Private equity’s share of healthcare M&A activity may have plateaued in 2022 as macroeconomic conditions are affecting private equity’s impact in the sector.

Private equity’s share of healthcare M&A activity may have plateaued in 2022 as macroeconomic conditions are affecting private equity’s impact in the sector. According to the LevinPro HC database, a record 2,429 M&A deals were reported in 2022. Private equity accounted for 966 of the deals, representing 40% of the acquisitions. This was a rise from 39% in 2021 (866 of 2,240) and 32% in 2020 (429 of 1,344).

However, the upward trend in recent years may have peaked in 2022 as the most recent six-month periods show a declining Private equity trend in health care. There were 1,118 healthcare M&A deals posted in 2023 through June 30. Private equity accounted for 406 of those transactions, representing 36% of the total. Private equity produced 38% of the deals in the second half of 2022 (450 of 1,178) and 41% in the first half of 2022 (516 of 1,251).

Hector Torres, the managing director in the global healthcare team at DC Advisory based in Chicago, cited a staffing shortfall in health care when asked to comment on the trend.

“From an M&A perspective, the healthcare industry staffing shortage can have detrimental impacts,” he said. “Lack of adequate clinical resources and personnel can negatively impact near-term financial performance for healthcare companies considering and/or actively pursuing M&A transactions. This can result in everything from lower valuation outcomes to outright process terminations and/or renegotiations of key economic terms.

“The healthcare provider shortage is more than an inconvenience. It’s a public health crisis. And it has been building since before the COVID-19 pandemic. Healthcare staffing shortages lead to

Poor patient outcomes that can include hospital-acquired infections, patient falls and increased chances of death. Provider shortages in certain areas mean that large swaths of the population don’t have enough doctors or nurses to provide them with emergency care, treat their chronic illnesses or deliver their babies.”

The prospect of increased government oversight presents another potential roadblock for healthcare M&A activity. According to “Healthcare Trends and Challenges for Private Equity in 2023,” a story published by Wolters Kluwer in March, “federal antitrust enforcement will accelerate in 2023 and may delay mergers. Health care is a highly regulated industry, so these challenges are not new. As healthcare deals gain traction and size, antitrust reviews may begin to pay more attention to cross-sector convergence with non-traditional players.”

The Wolters Kluwer article stated that The Department of Justice is “especially interested in rollup transactions that consolidate market share and, consequently, negotiating power.” Also, the department is concerned about the lack of filings and conflicts of interest involved in the appointment of private equity representatives to boards of competing companies.

“Dealmakers must prepare for government agencies to examine transactions closely, particularly related to labor and future competitive impacts,” the story stated. Also cited were labor and wage pressures.

“Labor shortages and constantly evolving employment laws continue to challenge employee retention in the healthcare sector,” according to the Wolters Kluwer story. “Furthermore, wage inflation only complicates matters, rising by 5% in the U.S. in 2022. Healthcare providers are being impacted disproportionately by this increase since salaries and wages represent 50% of operating expenses [although this can be much higher in the home health, hospice and personal care sector].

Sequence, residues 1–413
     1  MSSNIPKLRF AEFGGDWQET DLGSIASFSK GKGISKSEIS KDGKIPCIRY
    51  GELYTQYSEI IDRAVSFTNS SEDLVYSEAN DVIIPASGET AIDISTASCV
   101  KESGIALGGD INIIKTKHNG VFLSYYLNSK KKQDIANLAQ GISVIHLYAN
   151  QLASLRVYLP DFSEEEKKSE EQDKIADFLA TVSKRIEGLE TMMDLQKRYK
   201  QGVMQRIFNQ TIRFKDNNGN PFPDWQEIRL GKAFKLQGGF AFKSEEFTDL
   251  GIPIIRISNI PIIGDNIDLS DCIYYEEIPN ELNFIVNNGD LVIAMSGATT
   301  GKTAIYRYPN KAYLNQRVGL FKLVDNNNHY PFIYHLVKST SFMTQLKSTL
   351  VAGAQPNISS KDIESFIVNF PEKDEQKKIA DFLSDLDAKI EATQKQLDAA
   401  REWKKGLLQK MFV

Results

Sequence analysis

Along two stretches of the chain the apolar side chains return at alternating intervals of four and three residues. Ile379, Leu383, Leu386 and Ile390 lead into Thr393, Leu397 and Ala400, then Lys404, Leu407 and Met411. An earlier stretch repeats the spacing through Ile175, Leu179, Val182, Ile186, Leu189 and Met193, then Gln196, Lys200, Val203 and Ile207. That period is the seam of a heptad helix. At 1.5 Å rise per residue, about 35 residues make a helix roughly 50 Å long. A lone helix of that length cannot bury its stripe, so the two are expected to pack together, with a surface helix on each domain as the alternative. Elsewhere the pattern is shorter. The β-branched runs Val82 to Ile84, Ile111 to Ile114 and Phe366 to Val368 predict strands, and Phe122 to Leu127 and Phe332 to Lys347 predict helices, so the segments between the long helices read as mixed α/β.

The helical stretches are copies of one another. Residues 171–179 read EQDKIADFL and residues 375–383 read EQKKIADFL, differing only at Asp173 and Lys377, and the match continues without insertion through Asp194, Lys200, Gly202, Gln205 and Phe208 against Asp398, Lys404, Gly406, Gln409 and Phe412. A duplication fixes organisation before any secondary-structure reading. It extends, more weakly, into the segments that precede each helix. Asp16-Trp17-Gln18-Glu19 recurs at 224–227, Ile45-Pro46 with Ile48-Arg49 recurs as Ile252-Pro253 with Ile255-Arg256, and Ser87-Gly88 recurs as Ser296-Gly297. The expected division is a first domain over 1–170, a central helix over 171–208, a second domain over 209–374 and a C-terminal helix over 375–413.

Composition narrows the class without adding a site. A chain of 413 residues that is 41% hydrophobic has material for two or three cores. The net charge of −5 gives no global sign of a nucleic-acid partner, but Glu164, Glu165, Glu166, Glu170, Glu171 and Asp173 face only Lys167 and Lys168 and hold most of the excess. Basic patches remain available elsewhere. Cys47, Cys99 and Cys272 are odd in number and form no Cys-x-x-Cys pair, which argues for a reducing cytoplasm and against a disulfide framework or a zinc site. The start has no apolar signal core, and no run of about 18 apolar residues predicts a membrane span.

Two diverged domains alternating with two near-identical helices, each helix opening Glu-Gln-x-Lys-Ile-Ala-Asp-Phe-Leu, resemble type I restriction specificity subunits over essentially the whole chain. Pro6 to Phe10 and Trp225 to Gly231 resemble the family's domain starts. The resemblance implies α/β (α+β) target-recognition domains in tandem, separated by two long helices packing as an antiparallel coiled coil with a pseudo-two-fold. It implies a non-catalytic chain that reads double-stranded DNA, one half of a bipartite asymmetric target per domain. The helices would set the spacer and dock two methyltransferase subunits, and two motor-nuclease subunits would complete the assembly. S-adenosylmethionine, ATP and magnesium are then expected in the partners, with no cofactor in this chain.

“Consequently, buyers are scrutinizing labor market supply and demand. Targets with wage pressures are prime candidates for earn-out-based deal structures which allow buyers to mitigate the risk of rising wages.”

Threatening to impact the healthcare M&A landscape during the remainder of 2023 is the prospect of additional interest-rate hikes by the Federal Reserve. The economy was spared what would have been an 11th consecutive rate increase when Fed policymakers voted to keep the benchmark borrowing rate steady at their June meeting, according to Bankrate.

But investors can’t count on the pause lasting for the remainder of the year. After voting to leave borrowing costs in a target range of 5% to 5.25%, the Federal Open Market Committee announced plans for two more rate hikes in 2023.

“Interest rates have hindered consolidation activity compared to the last several years,” said AJ Shekar, director at Provident Healthcare Partners. “With low interest rates in mid-2020 through early 2022, private equity firms were able to be more aggressive on valuation, deal structure and pace of acquisitions. As cost of capital has increased, investors have been conservative around the types of platforms they are pursuing to ensure that third-party debt can be adequately serviced without adverse impact to their portfolio companies.

“Since healthcare services are largely non-discretionary in nature, investors view the segment as recession resilient in the face of economic downturn. Macroeconomic trends driving demand for healthcare services such as an aging population, increasing incidence of chronic conditions/diseases, innovation in therapeutic technologies and procedures and consumer-centric/value-based healthcare are persisting.”

Shekar said there is still a significant amount of capital sitting on the sidelines to be deployed into healthcare services, which has led to continued interest for high-caliber companies seeking private equity investment.

“Our expectation is that deal volume for the largest transactions will be slow throughout 2023, barring a significant decrease in interest rates,” Shekar said. “However, bolt-on acquisition and small platform opportunities will continue to persist throughout this period.”

If the Fed boosts borrowing costs twice between now and the end of the year, rates will reach a level not seen since 2001. Only seven of 18 officials in March saw rates rising higher than they are now this year. That number rose to 16 officials in June.

“The interest coverage ratio of a company will be negatively affected by rising interest rates,” Torres said. “The interest coverage ratio is one of the main indicators of a company’s performance in relation to converting its outstanding debt into equity. It is used to evaluate the riskiness of investing in a company in relation to its current debt. As a result of an increase in interest rates, new methods for value creation other than being predominantly debt focused need to be considered. Operational improvements, multiple expansions, deal structuring and better pricing strategies all present ways in which investors can evaluate firms to acquire.